Of the 100 wealthiest people in America, 26 live in California.
That’s more than any other state, and not simply a byproduct of California’s large population. If the country’s 100 top billionaires were evenly distributed, we would expect just 12 of them to reside here.
Yes, this is largely because of Silicon Valley. But it’s also a reflection of the fact that California has the fifth-largest economy in the world, said Richard Walker, an emeritus professor at U.C. Berkeley who studies economic geography.
“California has been the main engine for American growth for the last 50 years,” Walker told me. “This is not sufficiently acknowledged — how immense the California economy is.”
Before we dive in: I’m going off the official Forbes 2021 billionaire rankings, but they shift daily with the stock market. All of these figures should be viewed as estimates, as there is no system or requirement that Americans report their total wealth to the government.
Now on to the good stuff. There are 724 billionaires in the United States, and California is home to 189 — roughly a quarter of the total, according to Forbes.
The state’s “open, experimental culture” has long attracted entrepreneurs, Walker said. That’s contributed to the movie and aerospace industries flourishing here, and, of course, the tech industry.
Forty-four percent of California’s billionaires made their fortunes in tech, followed by 23 percent in finance and 7 percent in real estate, according to Forbes.
The three richest Californians are tech titans: The Facebook creator Mark Zuckerberg and the Google co-founders Larry Page and Sergey Brin.
Zuckerberg invented Facebook while a student at Harvard, but then “he moves to Silicon Valley because that’s where the action is,” Walker told me. “That’s been going on for two, three, four generations now — you come to Silicon Valley if you’re in tech.”
Silicon Valley’s tendency to mint billionaires has led to a startling trend: Of the 26 Californians who rank among America’s 100 richest people, 19 live in the Bay Area.
(The wealthiest person in Southern California is Donald Bren, America’s richest real estate baron.)
Thirty-five people made California’s billionaire list for the first time in 2021, Forbes reported, and more than half of them had the tech industry to thank. California still has more billionaires than any other state; New York is second with 126.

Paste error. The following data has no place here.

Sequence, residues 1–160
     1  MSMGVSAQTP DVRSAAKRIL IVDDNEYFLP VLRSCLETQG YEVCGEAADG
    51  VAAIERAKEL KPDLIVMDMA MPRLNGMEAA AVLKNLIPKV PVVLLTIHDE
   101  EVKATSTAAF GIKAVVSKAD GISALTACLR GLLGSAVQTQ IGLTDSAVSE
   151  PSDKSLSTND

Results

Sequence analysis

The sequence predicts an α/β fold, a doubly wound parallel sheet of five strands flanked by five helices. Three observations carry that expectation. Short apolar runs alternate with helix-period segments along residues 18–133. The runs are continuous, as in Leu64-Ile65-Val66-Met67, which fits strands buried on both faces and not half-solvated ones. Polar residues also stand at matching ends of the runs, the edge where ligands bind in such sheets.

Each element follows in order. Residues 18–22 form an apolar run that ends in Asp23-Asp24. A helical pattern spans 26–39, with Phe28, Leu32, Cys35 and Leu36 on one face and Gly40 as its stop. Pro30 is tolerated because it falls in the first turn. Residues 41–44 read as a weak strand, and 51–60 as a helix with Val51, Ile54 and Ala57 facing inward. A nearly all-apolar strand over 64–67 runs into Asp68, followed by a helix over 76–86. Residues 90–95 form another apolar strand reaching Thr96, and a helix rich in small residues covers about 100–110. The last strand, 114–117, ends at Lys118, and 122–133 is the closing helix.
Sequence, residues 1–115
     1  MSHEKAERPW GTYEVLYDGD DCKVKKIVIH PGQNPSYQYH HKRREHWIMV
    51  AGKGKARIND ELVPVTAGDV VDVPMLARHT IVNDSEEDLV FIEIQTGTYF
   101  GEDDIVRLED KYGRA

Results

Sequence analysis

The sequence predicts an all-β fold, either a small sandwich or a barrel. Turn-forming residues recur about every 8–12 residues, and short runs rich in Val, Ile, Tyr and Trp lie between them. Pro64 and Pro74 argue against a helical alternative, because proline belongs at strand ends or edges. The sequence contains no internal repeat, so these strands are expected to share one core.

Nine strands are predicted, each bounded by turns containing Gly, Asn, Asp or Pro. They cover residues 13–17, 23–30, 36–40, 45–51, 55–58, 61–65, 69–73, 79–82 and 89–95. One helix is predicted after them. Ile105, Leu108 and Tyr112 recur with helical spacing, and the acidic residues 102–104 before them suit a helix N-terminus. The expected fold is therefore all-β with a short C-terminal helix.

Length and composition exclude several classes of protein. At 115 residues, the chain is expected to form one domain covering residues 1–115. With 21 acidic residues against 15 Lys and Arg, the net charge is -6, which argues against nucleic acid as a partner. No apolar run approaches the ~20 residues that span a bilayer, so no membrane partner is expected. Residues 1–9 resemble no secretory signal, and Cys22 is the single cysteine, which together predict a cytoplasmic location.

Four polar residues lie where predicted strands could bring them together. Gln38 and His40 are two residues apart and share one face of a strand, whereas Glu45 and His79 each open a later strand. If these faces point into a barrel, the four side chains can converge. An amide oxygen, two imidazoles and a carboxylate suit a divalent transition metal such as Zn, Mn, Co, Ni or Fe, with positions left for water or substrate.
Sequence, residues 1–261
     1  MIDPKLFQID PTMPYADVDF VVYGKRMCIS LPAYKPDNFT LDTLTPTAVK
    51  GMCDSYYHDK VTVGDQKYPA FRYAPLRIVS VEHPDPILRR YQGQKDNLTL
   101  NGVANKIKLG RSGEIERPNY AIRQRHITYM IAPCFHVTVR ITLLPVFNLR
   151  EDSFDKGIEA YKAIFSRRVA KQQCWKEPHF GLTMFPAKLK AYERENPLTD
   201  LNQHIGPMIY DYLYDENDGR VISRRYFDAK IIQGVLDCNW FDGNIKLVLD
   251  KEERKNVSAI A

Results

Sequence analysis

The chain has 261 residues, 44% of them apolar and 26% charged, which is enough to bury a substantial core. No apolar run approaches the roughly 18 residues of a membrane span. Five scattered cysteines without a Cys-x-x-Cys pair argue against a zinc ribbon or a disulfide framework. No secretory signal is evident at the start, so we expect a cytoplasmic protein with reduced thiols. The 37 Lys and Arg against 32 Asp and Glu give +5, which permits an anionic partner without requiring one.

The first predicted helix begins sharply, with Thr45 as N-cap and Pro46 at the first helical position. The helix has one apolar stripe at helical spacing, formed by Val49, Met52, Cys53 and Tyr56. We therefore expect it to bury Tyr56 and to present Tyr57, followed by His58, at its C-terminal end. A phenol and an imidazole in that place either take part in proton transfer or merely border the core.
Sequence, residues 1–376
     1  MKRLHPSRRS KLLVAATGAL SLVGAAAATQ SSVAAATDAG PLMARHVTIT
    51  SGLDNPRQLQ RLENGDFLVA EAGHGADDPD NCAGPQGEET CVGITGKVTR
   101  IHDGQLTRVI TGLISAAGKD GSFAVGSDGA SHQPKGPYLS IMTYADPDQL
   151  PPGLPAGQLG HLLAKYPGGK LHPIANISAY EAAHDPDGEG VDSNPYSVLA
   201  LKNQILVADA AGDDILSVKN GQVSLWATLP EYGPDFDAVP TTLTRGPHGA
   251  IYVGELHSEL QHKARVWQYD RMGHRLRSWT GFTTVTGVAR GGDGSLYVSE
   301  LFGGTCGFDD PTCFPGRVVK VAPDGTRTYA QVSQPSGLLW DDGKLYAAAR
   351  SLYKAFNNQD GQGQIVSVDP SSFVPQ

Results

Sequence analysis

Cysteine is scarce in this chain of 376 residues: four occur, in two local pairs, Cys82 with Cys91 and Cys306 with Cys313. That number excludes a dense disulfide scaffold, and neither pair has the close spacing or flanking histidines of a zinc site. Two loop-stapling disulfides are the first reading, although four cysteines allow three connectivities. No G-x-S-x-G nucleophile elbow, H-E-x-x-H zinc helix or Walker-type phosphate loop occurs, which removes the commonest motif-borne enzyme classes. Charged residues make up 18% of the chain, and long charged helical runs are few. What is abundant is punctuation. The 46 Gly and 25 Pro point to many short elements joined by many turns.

Adam Sterling, executive director for the Berkeley Center for Law and Business, said that people who’ve made their fortunes in California prefer to stay here, close to their professional and personal communities. The high cost of living and higher taxes probably aren’t much of a deterrent if you’re a billionaire, he said.
Plus, the cachet of a California billionaire — think a wealthy techie in a hoodie — may not translate in a place like New York, where the rich are more likely to have inherited their wealth.
“There’s a lot of stickiness in California,” Sterling told me. “This is where your billionaire community is.”
What we’re eating
Caramelized banana pudding.
Where we’re traveling
Today’s travel tip comes from Karlette Warner, who lives in Palo Alto. Karlette recommends Prairie Creek Redwoods State Park in far northwestern California:
“I first visited there as a child, in the ’50s. I’m 75 now, and my husband and I have camped there a number of times; its magic returns on each visit. The redwood rainforest, Fern Canyon (a combination of Jurassic Park and the Garden of Eden), burbling creeks, springtime rhododendrons, twisty trails through it all. Oh, and did I mention the elk (!) — relaxing in the meadow, hiding in the bushes, striding along the roadway. This is a place to “get away from it all” (no cellphone service, thank you), to calm yourself and be grateful to be in this little corner of paradise.”
Tell us about your favorite places to visit in California. Email your suggestions to CAtoday@nytimes.com. We’ll be sharing more in upcoming editions of the newsletter.
Join The Times for a free online event on Wednesday with two of the nation’s most prominent Covid-19 experts.
Dr. Bob Wachter and Dr. Monica Gandhi, both at the University of California, San Francisco, have worked throughout the pandemic to explain the risks of Covid-19. And often, they have disagreed.
See event details here.
And before you go, some good news
Having a bad day? How about a pep talk from some kindergartners?
Students at West Side Elementary School in Healdsburg started a free hotline called Peptoc with the help of their teachers, NPR reports. They now get thousands of calls a day.
Jessica Martin, an art teacher, said she was inspired by the positive attitudes her students had despite challenges from the pandemic and local wildfires.
“I thought, you know, with this world being as it is, we all really needed to hear from them — their extraordinary advice and their continual joy,” Martin told NPR.
When I rang up Peptoc, a child told me I should punch a pillow or cry into one to make my bad day more tolerable. Not the worst advice.
Thanks for reading. I’ll be back tomorrow. — Soumya
P.S. Here’s today’s Mini Crossword, and a clue: People bring a lot of baggage to it (5 letters).